What Is The Life Expectancy Of Someone With Fabry Disease?

What Is The Life Expectancy Of Someone With Fabry Disease?

The progressive damage of organs and tissues associated with Fabry disease can cause a substantial decrease in life expectancy. The median of the accumulated survival is 50 years in men and 70 years in women, which represents a reduction of 20 years and 15 years, respectively, in life expectancy with respect to the data of the general population.

Fabry disease is one of more than forty lysosomal storage disorders transmitted by genetic inheritance. In the case of Fabry disease, the decrease or absence of activity of the lysosomal hydrolase alpha-galactosidase (alpha-GAL) produces a progressive accumulation, mainly in the walls of the blood vessels, of glycosphingolipids as the substrate globotriaosil ceramide (GL -3).

The generalized accumulation of GL-3 causes a progressive multi-systemic compromise affecting the functioning of organs and tissues.

The progress of the disease is reflected in a substantial reduction in life expectancy. Generally, the patient dies during the fourth or fifth decade and frequently the death is attributed to heart failure or to cardio or cerebrovascular diseases.

The early diagnosis of Fabry disease can allow a more effective symptomatic management, as well as provide a better quality of life. The symptoms are:


Pain is one of the most common symptoms of Fabry disease and is often one of the symptoms that appears earlier in life. There are two important types of pain associated with Fabry disease:

  • Continuous burning, tingling sensation, and discomfort in the palms of the hands and soles of the feet. This type of pain is also known as acroparesthesias.
  • Occasional episodes of intense burning pain known as “Fabry crisis”. It usually starts in the hands and feet and often the pain spreads to other parts of the body. These episodes can be debilitating and can last from several minutes to several days. Pain can be caused by changes in weather, hot temperatures, tension, exercise, and/or fatigue.

Sweating Problems

Many people with Fabry disease sweat less than people who do not have this disease. Patients may sweat very little (hypohidrosis), or not sweat at all (anhidrosis). This can result in heat intolerance due to overheating, frequent fevers. Cold intolerance can also occur.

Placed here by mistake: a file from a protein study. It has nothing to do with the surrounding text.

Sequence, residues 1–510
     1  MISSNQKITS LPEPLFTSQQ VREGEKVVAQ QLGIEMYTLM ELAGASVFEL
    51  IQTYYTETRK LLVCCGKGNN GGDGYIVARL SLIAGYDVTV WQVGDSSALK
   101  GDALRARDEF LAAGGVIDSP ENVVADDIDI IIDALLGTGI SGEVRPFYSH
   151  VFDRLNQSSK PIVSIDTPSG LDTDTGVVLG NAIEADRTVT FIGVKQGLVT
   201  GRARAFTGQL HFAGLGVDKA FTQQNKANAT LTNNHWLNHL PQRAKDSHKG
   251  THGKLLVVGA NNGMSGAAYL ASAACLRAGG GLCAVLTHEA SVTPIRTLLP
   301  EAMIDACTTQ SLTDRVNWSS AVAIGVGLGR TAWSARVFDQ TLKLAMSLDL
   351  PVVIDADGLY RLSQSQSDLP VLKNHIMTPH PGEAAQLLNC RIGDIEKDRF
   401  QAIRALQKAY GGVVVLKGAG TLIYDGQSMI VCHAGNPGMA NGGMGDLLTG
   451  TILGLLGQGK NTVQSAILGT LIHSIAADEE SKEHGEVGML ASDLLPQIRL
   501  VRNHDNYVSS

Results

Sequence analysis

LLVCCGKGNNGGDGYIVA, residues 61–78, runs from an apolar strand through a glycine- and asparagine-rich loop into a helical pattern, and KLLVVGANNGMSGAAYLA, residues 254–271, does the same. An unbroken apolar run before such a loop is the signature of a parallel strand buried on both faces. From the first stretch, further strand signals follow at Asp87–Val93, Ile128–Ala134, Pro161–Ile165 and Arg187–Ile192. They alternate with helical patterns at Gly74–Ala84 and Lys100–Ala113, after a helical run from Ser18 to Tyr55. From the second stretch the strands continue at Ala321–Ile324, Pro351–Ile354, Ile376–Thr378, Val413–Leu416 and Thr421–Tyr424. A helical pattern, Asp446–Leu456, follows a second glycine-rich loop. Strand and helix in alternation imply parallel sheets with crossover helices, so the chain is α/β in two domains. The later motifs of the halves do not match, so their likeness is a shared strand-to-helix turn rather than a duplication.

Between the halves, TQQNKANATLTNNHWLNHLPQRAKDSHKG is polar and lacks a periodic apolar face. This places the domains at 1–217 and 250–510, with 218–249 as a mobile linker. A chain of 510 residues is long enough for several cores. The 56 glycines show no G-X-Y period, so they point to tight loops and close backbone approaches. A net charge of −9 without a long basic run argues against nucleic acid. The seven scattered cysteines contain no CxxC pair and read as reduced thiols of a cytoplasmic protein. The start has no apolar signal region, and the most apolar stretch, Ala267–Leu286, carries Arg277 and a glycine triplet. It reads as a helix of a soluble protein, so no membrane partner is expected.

Exercise Intolerance

Some people with Fabry disease cannot tolerate physical exercise, and may become tired or choked even after a mild activity. Physical exertion can also cause episodes of pain.

Red Spots On The Skin

  • Among the most visible signs of Fabry is the appearance of points or groups of points of garnet red or bluish-black called angiokeratomas.
  • Angiokeratomas are characteristic of the disease and their finding can help doctors suspect the possibility of Fabry disease.

Opacity Of The Cornea

The opacity of the cornea is particular and consists of fine lines with a radiating pattern (similar to the spokes of a bicycle wheel). This type of opacity does not affect vision and can only be detected with an instrument called an ophthalmoscope or slit lamp used for routine eye exams.

Digestive Manifestations

Many people with Fabry disease suffer from stomach problems, which can vary from mild to severe. These discomforts may include a feeling of fullness, pain after eating, diarrhea, and nausea.

Cardiac Manifestations

Heart problems are also common in Fabry disease and may progressively get worse with age. This is because the accumulation of GL-3 increases over time and can cause damage to the tissues and blood vessels that supply the heart. The heart condition may include enlarged heart, valves deterioration, irregular palpitations, heart attack and heart failure.

Kidney Manifestations

After several years of GL-3 deposition, kidney problems may occur, and kidney function may be affected. Damage to the kidneys can be so severe that they lose their function or fail completely (kidney failure).

Manifestations of the Nervous System

A significant accumulation of GL-3 can cause a thickening of the blood vessel wall of the brain and decreased circulation. As a result, people may experience a number of symptoms that include weakness, headaches, numbness, dizziness and brain embolism.

Also Read:

Pramod Kerkar, M.D., FFARCSI, DA
Pramod Kerkar, M.D., FFARCSI, DA
Written, Edited or Reviewed By: Pramod Kerkar, M.D., FFARCSI, DA Pain Assist Inc. This article does not provide medical advice. See disclaimer
Last Modified On:July 25, 2018

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